Farm Ireland

Saturday 17 March 2018

Follow new sheep ID rules or face fines of up to ¤250K and year imprisonment

Aisling Meehan

Staying on the right side of the law is no joke in sheep farming. If you don't adhere to all the new sheep ID rules, you could face fines of up to €250,000 and imprisonment of 12 months. In comparison, the maximum penalty of €5,000 for horse owners looks like small beer.

While the Department of Agriculture will shortly be publishing a booklet explaining to flock owners the rules that they must comply with for sheep identification and movement under the National Sheep Identification System (NSIS), we've listed the key points farmers need to know so as not to fall foul of the rules. These rules only apply to sheep born after January 1, 2010.

Mandatory electronic tagging has been confined to breeding sheep and live sheep for export born since January 1 last year. These must be tagged by nine months of age with two identifiers bearing the same number, one of which must carry an electronic device.


Where boluses are being used, a matching blue tag must be applied at the same time as each bolus. All lambs less than 12 months old and intended for slaughter in Ireland have been exempted from the mandatory EID requirements and can go to the mart or the factory with one tag in the left ear as before, provided they have been tagged by nine months of age or on leaving the farm they were born on, whichever comes first.

While not mandatory, flock owners selling store lambs or lambs that are likely to be bought for fattening before being slaughtered are recommended to electronically identify their lambs with either a single EID tag or an EID set instead of a permanent mart tag when tagging. Sheep identified with such an EID tag should be more attractive to fattener producers who buy in sheep from multiple holdings since they will be able to automatically generate the tag list after the sheep are scanned.

In the case of store lambs that are electronically identified, it should be possible for these lambs to be scanned at the factory to provide the farmer with a list of the tag numbers of the animals in the consignment covered by the dispatch document. Provided the factory is approved by the Department, this will save the farmer having to manually read and write down on the dispatch document all the tag numbers of the sheep making up the consignment.

The new rules also now require the notification of all movements to the Department's database. Farm to factory or mart movements are made on behalf of sheep farmers by the factories and marts themselves.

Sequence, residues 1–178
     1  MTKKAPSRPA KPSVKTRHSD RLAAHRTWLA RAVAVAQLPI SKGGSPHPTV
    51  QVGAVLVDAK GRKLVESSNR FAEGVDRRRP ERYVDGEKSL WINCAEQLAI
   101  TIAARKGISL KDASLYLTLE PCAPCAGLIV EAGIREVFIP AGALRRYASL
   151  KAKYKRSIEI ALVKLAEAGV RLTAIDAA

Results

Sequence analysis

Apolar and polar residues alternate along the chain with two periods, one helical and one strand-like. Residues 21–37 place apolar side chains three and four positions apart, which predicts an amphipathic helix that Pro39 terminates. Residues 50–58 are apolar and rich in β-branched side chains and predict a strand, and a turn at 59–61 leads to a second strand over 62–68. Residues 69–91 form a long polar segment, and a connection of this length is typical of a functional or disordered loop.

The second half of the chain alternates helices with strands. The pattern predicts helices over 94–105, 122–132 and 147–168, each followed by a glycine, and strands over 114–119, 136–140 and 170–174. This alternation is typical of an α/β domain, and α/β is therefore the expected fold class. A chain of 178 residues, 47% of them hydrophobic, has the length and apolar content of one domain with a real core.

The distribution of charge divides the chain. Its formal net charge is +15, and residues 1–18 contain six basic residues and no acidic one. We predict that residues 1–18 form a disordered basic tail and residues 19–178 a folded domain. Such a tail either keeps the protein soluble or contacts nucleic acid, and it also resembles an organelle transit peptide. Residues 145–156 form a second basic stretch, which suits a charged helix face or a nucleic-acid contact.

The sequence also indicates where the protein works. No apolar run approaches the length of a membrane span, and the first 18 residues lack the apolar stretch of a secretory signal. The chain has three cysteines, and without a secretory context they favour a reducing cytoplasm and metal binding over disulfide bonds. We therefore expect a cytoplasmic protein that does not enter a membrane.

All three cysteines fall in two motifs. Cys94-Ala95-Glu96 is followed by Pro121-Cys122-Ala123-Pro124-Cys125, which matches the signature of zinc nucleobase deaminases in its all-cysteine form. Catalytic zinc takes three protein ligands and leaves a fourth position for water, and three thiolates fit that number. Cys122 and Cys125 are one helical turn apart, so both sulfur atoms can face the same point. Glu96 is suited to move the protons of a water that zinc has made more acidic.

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However, there is now a legal requirement on farmers purchasing sheep directly from another farmer to notify such farm-to-farm movements to the Department's movement notification database.

In this regard, it is the responsibility of the buyer to notify these movements by sending a copy of the completed movement document directly to their local DVO within seven days of the date of movement. This requirement only relates to movements directly from farm to farm, as opposed to through a mart.


All sheep born since January 1 last year must retain one tag number for their life from the holding of origin and cannot be retagged when moving from one holding to another. The first tag number a lamb receives in its lifetime at the holding of origin will be the number that is recorded on all documentation for movements throughout its life. The only exceptions to this are when:

•Tags are lost;

•Lambs are upgraded to EID status as they are being retained for breeding;

•They are being exported live.

All keepers of sheep are now obliged by law to carry out an annual inventory of their sheep and return this number to the Department, which until now was normally carried out each December. Before returning the census form to the Department, the number of sheep declared in the census should be recorded in the keeper's flock register.

While the Department has tried to minimise the impact on farmers by confining mandatory electronic tagging to breeding sheep and live sheep for export born since January 1, 2010, farmers that do comply with EID requirements in all their sheep have peace of mind in that they can sell, retain or export their sheep depending on the opportunity that arises and that they are fully compliant with EU and Irish law.

While every care is taken to ensure accuracy of information contained in this article, solicitor and tax consultant Aisling Meehan does not accept responsibility for errors or omissions howsoever arising. Tel: 061 368412

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